‘We are failing these patients’: Researchers call for protocols to combat these disparities
A new study published in JAMA Internal Medicine found that Black patients are more likely to be physically restrained in the hospital than adults from other racial groups.
The study, published by researchers from UC Davis Health, UC San Francisco and Baylor College of Medicine, showed restraints were used in less than 1% of emergency room visits. However, Black patients were 31% more likely to be placed in restraints than white patients.
“As a group of emergency physicians, we observed anecdotally that underrepresented patients tended to be restrained more often,” explained David Dillon, assistant professor of Emergency Medicine at UC Davis Health and one of the study’s authors. “Therefore, we did a meta-analysis of all the data we could find published on the topic and the results supported our observations.”
The researchers looked at studies that met four criteria:
- Published in English
- Had original human participants
- Performed in an adult emergency department
- Reported an outcome of physical restraint use by patient race or ethnicity
A total of 10 studies met the criteria and were included in the review.
Overall, use of physical restraints was not common. Of the nearly 2.5 million patient encounters included in the analysis, there were just over 24,00 events of physical restraint, meaning emergency medicine clinicians used restraints less than 1% of the time.
Within the 10 studies, four found a positive association between Black patients and restraints, while another found no relation, and a sixth found a positive association between multiracial background and restraints. Overall, Black patients were restrained 31 percent more often than white patients.
What is a physical restraint?
Researchers noted that a physical restraint is “any mechanical device that impedes a patient’s voluntary movement”.
The use of physical restraints may be used in emergency departments to ensure the safety of the patient, the care team, and other patients when less restrictive measures have proven ineffective.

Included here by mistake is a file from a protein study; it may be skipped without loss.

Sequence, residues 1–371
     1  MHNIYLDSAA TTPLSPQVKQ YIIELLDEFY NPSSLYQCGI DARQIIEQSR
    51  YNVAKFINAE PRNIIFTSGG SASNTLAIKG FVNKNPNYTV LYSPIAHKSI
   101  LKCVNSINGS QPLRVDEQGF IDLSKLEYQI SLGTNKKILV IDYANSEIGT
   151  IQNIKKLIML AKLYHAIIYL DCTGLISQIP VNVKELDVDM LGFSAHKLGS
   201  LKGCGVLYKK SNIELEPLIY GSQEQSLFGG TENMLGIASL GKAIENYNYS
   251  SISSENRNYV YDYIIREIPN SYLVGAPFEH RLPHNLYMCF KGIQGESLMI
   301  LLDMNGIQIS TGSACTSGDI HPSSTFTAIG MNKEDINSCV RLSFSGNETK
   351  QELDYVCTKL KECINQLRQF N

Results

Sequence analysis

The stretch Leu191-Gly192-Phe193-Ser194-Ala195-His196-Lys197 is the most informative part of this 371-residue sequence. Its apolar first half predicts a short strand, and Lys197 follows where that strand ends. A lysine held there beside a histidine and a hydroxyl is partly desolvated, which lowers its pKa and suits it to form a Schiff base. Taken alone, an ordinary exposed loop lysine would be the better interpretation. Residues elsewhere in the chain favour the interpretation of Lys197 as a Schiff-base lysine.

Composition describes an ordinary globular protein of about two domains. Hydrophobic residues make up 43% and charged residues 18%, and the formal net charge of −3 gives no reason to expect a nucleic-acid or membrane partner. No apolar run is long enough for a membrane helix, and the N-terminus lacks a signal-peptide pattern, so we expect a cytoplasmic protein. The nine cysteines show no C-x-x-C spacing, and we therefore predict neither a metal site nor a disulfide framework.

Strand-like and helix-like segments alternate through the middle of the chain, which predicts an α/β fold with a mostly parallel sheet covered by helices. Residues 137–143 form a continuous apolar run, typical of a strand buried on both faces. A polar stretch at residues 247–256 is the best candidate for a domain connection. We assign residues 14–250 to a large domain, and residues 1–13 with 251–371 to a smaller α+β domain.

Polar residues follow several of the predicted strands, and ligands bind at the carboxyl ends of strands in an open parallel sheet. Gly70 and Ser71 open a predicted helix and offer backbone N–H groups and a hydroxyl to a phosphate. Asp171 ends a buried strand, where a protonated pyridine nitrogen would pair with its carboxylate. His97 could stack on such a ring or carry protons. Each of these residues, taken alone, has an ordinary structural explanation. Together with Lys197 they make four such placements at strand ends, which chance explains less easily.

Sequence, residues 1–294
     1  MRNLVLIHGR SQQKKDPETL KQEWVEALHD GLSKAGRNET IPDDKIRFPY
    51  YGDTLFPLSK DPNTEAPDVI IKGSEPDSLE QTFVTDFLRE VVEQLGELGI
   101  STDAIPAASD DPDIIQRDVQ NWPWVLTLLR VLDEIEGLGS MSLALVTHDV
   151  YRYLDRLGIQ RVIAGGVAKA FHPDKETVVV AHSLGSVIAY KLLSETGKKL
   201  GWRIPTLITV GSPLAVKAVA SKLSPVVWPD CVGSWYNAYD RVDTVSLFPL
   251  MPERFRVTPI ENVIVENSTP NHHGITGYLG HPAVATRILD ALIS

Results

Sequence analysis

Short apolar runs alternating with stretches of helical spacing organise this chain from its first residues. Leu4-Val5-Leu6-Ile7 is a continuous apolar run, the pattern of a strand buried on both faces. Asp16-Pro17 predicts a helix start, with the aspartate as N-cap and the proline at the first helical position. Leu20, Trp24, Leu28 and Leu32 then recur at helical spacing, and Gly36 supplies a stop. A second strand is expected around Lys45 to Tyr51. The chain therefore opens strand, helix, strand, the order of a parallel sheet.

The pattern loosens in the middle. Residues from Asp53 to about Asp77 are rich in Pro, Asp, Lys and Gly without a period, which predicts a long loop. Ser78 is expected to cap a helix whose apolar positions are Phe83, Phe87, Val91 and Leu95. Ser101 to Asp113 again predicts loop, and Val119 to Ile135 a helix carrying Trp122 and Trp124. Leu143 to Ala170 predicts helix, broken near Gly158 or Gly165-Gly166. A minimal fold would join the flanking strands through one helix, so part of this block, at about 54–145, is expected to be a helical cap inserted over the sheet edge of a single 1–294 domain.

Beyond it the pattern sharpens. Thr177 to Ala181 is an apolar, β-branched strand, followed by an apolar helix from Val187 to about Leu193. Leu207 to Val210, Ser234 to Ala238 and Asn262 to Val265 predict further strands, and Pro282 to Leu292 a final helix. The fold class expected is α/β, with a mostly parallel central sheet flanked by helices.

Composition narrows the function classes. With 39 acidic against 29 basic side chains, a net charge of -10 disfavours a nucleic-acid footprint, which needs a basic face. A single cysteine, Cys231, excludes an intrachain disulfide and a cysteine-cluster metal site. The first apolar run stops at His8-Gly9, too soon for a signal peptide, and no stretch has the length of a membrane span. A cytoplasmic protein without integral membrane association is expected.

“One of the problems with the use of physical restraints is that there are protocols on how we do it, but not necessarily protocols on when it is implemented,” Dillon explained. “If we could create specific protocols for when physical restraint should be used, it would remove some of these conscious or unconscious biases that go into making that decision.”
Explaining the data
The study did not directly address the underlying reasons Black patients are at greater risk of being physically restrained than other groups, but the researchers did have some theories.
“We don't necessarily have data from this study to support this, but there is circumstantial evidence from some literature that suggests these results are due to systemic racism within the health care system,” said Dillion.
Other studies have shown that patients with a history of mental health disorders were more likely to be restrained. It also found that Black patients are less likely to have access to outpatient behavioral health treatment, which could increase their risk of agitation in the emergency room and their risk of being restrained.
“All of this paints a picture that as a system we are failing these patients,” added Dillon.
All of this paints a picture that as a system we are failing these patients.”
The study did highlight the low quality of data available to the researchers. Of the thousands of studies that touched on use of restraints in the emergency department, only a small handful met the broad criteria set up for the analysis.
“We must continue to do further research to assess why there are racial disparities in the use of physical restraints in the emergency department and what can be done to prevent them from continuing,” said Dillon.